ContractsProf Blog

Editor: Myanna Dellinger
University of South Dakota School of Law

Thursday, March 3, 2011

Should the Mets Leave the Concession Stands at CitiField to an “Even Higher Authority”?

Mets_hat The owners of the Mets have a $300 million Madoff problem, but that hasn’t distracted them from attempting to ban a kosher concession stand from selling food at CitiField during the Sabbath. 

Kosher Sports has a 10-year contract to sell hot dogs at the stadium and it sued the Mets last summer after being told it could not operate on Friday nights and Saturdays.  In August, Judge Jack Weinstein ordered the Mets to stop banning the company’s sale of food during the Sabbath.  At the time, he said with a smile, “I cannot get involved in (a dispute) over rabbinical law.”

Perhaps that is why the case ended up before Magistrate Judge Andrew Carter.  But, he recused himself earlier this week because a Kosher Sports lawyer spotted him wearing a Mets hat outside the courthouse.

I imagine that this is a dispute about what the word “kosher” means in the 10-year contract.  The Mets say the food isn’t “kosher” if the stand operates during the Sabbath.  Kosher Sports begs to differ, and (likely) adds that the contract does not expressly restrict Sabbath sales.  What’s the answer?  What’s “kosher”?  Apparently, whether a purveyor can sell food on the Sabbath and retain kashrut status is very complicated under Jewish Law.  Some won’t allow it at all; some will allow it with particular conventions followed (conventions which are difficult to follow in a stadium on a Saturday because they require proper supervision and the qualified supervisors are prevented from stopping by on the Sabbath).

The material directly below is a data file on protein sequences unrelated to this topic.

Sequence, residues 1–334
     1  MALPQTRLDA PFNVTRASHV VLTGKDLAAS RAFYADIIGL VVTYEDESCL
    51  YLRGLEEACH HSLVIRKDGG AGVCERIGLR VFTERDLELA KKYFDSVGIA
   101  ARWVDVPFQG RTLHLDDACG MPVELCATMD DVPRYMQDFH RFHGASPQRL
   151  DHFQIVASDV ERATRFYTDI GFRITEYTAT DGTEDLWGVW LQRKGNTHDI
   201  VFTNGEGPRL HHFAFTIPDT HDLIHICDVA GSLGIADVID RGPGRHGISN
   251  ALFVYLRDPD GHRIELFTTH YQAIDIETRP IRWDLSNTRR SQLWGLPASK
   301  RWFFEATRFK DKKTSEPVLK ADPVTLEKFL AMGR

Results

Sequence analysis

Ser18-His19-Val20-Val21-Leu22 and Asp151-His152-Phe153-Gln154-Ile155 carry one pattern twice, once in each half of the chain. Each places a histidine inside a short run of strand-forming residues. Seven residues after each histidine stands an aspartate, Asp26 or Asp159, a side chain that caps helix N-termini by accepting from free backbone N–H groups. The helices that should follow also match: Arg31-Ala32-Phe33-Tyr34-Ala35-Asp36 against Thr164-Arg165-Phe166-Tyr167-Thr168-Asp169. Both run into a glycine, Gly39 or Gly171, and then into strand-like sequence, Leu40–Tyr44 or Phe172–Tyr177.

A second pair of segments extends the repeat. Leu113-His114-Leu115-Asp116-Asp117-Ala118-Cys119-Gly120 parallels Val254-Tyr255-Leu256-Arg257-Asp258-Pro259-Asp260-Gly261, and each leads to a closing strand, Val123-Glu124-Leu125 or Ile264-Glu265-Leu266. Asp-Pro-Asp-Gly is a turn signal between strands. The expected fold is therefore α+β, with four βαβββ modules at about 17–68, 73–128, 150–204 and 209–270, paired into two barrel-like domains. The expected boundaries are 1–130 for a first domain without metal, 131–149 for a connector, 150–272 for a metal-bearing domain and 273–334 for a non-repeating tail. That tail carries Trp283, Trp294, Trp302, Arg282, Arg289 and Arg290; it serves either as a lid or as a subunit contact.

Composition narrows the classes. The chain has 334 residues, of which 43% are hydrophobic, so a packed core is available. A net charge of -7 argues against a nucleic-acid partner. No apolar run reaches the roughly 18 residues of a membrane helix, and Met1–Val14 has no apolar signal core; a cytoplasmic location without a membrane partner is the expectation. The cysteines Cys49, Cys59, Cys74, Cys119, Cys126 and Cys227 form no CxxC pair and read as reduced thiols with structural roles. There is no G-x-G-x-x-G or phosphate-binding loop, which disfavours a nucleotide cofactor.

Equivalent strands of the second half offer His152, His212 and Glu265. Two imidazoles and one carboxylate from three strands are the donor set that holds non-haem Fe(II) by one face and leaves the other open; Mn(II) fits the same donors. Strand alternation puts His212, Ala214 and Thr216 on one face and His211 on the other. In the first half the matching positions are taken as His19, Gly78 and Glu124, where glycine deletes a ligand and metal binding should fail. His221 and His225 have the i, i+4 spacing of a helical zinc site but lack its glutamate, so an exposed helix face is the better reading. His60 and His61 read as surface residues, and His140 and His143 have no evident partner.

No wonder Judge Weinstein did not want to get involved, there’s an even higher authority involved in this dispute:

Certainly, this could be handled with more precise contract drafting in the future.  Though, the inability to operate a concession stand on Friday nights and Saturdays (when, I imagine, the stadium has the highest turnout for games), could make it a losing proposition.  Which, in the end, could mean no kosher option at all (whatever that means).

[Meredith R. Miller]

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